Main Article Content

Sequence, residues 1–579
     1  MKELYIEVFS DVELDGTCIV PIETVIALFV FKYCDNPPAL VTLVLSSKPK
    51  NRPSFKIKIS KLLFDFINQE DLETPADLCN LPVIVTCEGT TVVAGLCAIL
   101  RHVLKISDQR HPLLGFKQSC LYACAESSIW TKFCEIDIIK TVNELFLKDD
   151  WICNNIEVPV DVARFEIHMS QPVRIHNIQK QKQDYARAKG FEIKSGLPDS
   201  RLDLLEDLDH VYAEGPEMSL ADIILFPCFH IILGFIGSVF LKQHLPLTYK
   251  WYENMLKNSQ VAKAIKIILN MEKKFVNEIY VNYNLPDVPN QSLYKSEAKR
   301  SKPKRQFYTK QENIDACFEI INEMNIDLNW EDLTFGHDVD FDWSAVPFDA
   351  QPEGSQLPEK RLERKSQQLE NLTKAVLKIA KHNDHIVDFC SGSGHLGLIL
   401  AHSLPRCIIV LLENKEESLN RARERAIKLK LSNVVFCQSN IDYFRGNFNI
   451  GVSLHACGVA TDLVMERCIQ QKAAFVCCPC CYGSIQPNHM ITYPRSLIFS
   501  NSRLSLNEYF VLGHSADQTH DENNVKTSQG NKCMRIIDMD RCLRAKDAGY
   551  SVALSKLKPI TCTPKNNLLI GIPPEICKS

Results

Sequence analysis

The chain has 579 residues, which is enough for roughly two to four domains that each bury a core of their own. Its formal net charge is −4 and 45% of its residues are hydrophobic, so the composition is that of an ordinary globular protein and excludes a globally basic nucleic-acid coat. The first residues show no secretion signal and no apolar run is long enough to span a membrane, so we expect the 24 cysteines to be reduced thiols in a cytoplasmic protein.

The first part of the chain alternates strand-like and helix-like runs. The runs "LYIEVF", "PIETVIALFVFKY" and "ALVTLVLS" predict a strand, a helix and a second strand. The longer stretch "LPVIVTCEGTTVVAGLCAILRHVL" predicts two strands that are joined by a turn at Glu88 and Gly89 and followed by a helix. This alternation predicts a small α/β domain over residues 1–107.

This paper examines the discursive themes and strategies of resistance by the Lumad, the indigenous people of Southern Philippines, and civil society groups to neoliberal hegemony, the dominance of the political-economic philosophy that champions the market as the prime regulator of economic activity, in the Lumad’s struggle for justice and their rights. The Lumad have been subject to killings of their leaders, militarization, red-tagging (the pernicious labeling of government critics, activists, and other members of civil society as Communists or terrorists) of their schools, and displacement from their lands. It is a study situated in the context of indigenous resistance to neoliberal globalization. It uses the critical discourse analysis approach in analyzing the discursive themes and strategies of resistance, particularly the theoretical ideas propounded by John Flowerdew founded on Foucault’s theory of power and resistance. Ten purposively selected news articles and two statements published from 2017 to 2020 by the online alternative news media outfit Davao Today were analyzed in the study. The discursive themes identified were neoliberalism’s dire consequences and destructive impact, displacement of the Lumad, food security, red-tagging, the struggle for education, counternarrative to red-tagging, defense of the environment and Lumad ancestral lands, injustice, corporate greed, and environmental degradation and the catastrophes that result from it. The discursive strategies of resistance used were constatives, or truth claims with factual backing, regulatives, avowals, ridicule, sarcasm, rebuttal, vivid adjectives, use of words, and use of evocative phrases and sentences. These discursive themes and strategies of resistance call for an economic system that empowers and respects indigenous peoples and local communities and interacts with the environment in a positive, respectful way.